A New Conscience And An Ancient Evilby Jane Addams
Published in 1912 on the heels of Twenty Years at Hull-House and at the height of Jane Addams's popularity, A New Conscience and an Ancient Evil assesses the vulnerability of the rural and immigrant working-class girls who moved to Chicago and fell prey to the sexual bartering of what was known as the white slave trade. Addams offers lurid accounts -- drawn from the records of Chicago's Juvenile Protection Association -- of young women coerced into lives of prostitution by men who lurked outside hotels and sweatshops. Because they lacked funds for proper recreation, Addams argues, poor and socially marginalized women were susceptible to sexual slavery. Without radical social change they would perhaps be "almost as free" as young men. In addition to promoting higher wages and better living conditions, Addams suggests that a longer period of public education would deter young women from the dangers of city life.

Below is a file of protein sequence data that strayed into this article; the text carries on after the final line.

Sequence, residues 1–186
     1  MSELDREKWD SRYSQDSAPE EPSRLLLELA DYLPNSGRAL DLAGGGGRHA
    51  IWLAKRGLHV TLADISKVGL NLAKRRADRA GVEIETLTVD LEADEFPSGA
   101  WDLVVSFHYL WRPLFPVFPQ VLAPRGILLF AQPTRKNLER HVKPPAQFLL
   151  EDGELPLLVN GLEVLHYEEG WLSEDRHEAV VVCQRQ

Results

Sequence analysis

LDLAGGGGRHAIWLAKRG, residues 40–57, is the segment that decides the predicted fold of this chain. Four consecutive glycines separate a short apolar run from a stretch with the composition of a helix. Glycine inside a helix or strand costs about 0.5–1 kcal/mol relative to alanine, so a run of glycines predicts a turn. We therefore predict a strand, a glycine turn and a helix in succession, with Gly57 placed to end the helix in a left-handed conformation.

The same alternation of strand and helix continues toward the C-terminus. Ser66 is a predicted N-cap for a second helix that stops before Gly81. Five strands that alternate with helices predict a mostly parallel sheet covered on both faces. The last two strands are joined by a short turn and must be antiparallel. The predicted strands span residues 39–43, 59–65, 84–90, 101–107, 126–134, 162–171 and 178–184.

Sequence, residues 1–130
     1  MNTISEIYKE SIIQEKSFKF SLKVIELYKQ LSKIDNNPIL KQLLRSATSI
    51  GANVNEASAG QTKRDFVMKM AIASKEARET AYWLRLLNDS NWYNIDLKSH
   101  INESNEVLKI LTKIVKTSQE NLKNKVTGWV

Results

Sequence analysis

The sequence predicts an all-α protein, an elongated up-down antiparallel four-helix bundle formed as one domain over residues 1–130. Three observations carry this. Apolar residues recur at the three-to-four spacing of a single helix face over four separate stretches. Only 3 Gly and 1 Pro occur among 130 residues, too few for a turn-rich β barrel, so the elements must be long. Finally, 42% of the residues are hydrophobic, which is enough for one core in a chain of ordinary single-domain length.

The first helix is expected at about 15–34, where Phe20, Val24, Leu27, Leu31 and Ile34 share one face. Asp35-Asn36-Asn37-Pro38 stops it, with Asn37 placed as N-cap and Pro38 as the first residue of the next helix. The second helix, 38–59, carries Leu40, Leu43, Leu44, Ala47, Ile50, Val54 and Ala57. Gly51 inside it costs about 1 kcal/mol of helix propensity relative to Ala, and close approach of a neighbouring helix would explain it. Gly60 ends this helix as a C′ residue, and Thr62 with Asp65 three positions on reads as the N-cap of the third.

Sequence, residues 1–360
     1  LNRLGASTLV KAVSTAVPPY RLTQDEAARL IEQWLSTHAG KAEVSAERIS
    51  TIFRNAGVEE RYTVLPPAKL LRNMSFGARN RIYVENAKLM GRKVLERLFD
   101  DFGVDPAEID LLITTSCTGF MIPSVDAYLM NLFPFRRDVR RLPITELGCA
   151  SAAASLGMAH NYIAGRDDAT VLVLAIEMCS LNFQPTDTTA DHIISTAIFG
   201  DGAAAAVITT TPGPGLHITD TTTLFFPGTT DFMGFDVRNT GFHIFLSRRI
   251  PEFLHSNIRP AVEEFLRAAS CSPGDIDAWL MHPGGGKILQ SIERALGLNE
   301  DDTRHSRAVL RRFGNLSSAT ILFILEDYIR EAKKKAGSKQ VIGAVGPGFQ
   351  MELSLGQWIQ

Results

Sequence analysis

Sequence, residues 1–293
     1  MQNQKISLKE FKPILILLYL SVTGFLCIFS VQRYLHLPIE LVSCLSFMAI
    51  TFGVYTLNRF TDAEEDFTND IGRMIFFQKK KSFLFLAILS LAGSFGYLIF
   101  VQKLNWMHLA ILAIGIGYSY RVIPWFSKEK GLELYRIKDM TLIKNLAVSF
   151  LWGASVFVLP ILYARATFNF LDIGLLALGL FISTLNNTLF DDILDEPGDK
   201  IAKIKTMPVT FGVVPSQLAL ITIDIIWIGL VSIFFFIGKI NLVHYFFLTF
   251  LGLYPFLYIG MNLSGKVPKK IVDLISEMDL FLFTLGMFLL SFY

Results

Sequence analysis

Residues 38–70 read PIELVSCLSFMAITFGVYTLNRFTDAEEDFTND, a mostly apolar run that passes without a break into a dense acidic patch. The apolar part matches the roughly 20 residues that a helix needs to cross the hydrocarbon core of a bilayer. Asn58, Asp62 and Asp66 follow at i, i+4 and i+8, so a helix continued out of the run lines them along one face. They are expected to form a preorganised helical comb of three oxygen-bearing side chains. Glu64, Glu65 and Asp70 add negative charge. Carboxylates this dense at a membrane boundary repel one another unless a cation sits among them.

Despite its appeal to middle-class readers eager for tales of sexual excess, the press and prominent intellectuals criticized A New Conscience and an Ancient Evil for being more hysterical than philosophical. Katherine Joslin's introduction considers the controversy that the book created; she also details Addams's skillful negotiations with publishers. In addition, behind the sensationalism of the narratives, Joslin locates themes that include the commodification of sex and the importance of marriage for young women.
- Echo Library
- Publication date:
- Product dimensions:
- 6.00(w) x 9.00(h) x 0.19(d)
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